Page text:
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Biofilm Removal

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The water jet's battle against an old foe

by Carol Jahn, RDH

One of the greatest pains to human nature is the pain of a new idea. It ... makes you think that after all, your favorite notions may be wrong, your firmest beliefs ill-founded.
— Walter Bagehot

Hours are spent cleaning plaque off of teeth and out of pockets, as well as instructing patients on how to remove it at home.An entire plaque-fighting arsenal exists — from scalers and polishers to toothbrushes and floss. Dire consequences — ranging from periodontal disease to caries to oral malodor — are predicted for those who don't remove it well.

Beliefs about plaque have shifted over the years. Back in the 1960s, there was the nonspecific plaque hypothesis. This philosophy implied that the greater amount of plaque, the more disease should be present. The theory was refuted as clinicians observed patients with heavy plaque and little disease, as well as those with minimal plaque and deep pockets. Thus, the specific plaque hypothesis was born with a focus on the type of bacteria present in the plaque regardless of the amount being causative for disease.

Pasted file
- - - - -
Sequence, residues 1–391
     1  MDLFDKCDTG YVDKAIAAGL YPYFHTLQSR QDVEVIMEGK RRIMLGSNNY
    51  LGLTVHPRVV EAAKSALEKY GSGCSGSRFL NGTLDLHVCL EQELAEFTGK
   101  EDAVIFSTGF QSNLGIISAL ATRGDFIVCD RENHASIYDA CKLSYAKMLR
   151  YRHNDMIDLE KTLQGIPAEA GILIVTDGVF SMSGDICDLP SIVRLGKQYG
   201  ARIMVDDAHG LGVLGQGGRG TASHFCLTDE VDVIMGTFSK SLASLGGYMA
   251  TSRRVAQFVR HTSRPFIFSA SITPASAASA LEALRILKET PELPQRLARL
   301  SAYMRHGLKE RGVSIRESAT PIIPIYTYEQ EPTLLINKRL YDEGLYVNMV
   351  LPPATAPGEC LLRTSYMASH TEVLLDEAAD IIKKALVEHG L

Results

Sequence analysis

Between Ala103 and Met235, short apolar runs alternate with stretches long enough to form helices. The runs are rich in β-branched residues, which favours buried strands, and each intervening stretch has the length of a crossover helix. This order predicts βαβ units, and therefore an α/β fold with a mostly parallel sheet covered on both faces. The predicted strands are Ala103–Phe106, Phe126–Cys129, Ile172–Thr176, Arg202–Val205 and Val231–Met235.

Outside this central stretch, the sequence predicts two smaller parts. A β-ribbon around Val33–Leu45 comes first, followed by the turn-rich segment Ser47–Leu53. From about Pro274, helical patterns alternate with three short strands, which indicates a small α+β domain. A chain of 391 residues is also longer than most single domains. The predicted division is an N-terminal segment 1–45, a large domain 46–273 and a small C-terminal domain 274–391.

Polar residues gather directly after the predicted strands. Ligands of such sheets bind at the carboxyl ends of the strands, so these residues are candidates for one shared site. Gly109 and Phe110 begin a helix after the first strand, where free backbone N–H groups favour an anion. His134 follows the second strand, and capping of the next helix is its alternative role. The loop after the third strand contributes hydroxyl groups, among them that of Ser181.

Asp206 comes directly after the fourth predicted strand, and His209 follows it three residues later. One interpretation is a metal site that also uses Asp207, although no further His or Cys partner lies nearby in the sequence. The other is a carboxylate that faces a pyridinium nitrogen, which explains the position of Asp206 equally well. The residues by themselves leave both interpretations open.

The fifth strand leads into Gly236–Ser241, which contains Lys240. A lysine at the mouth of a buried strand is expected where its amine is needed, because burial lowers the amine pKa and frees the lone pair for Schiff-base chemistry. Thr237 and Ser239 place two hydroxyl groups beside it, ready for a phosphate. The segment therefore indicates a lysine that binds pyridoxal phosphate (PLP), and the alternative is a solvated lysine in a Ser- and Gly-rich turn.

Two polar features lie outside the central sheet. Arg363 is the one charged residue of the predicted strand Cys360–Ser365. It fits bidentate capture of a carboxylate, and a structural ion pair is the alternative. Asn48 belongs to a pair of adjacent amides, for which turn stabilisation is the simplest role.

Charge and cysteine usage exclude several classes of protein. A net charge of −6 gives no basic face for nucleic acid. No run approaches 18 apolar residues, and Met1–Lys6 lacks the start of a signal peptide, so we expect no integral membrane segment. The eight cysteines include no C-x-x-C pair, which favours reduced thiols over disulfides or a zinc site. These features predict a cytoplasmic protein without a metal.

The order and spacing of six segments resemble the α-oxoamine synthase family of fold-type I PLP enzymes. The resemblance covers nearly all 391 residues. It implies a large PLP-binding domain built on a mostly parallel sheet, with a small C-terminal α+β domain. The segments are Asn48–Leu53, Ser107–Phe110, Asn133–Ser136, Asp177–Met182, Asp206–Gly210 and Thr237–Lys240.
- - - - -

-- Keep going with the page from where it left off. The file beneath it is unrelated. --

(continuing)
Over the last several years, the concept of plaque has experienced another transformation from the idea of a sticky matrix to a thriving, dynamic, microbial community called biofilm. It might be easy to simply think of biofilm as just another name for plaque. However, the concept of plaque as biofilm has uncovered new information about the structure, habitat, and survival of microbial species of plaque, as well as its contribution to disease virulence and microbial resistance.

Removing the plaque biofilm

Mechanical disruption via scaling is one of the most effective ways to disrupt biofilm. It provides the best argument to date for why patients in periodontal maintenance should return every three months. Scaling isn't the mere elimination of bacteria; re-formation begins within hours of the procedure. What scaling seems to do is change the type of bacteria present to one more compatible with health rather than disease.

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The greater problem lies in everyday disruption of the plaque biofilm. Meticulous daily supragingival plaque biofilm control has been shown to affect the amount and composition of subingingival biofilm. It can be challenging for patients with periodontal pockets, implants, crown and bridge, orthodontic appliances, or any difficult to access area to use dental floss on a daily basis.

Toothbrushing is the most common and often only means of daily self-care used by most people. Interdental cleaning is necessary for optimal oral health; but flossing compliance is low. Other alternatives are available, such as toothpicks, wood points, interdental brushes, rinsing, and the dental water jet. Most of these provide limited access beyond 2 to 3 mm (see table).


Figure 1 (left): Untreated tooth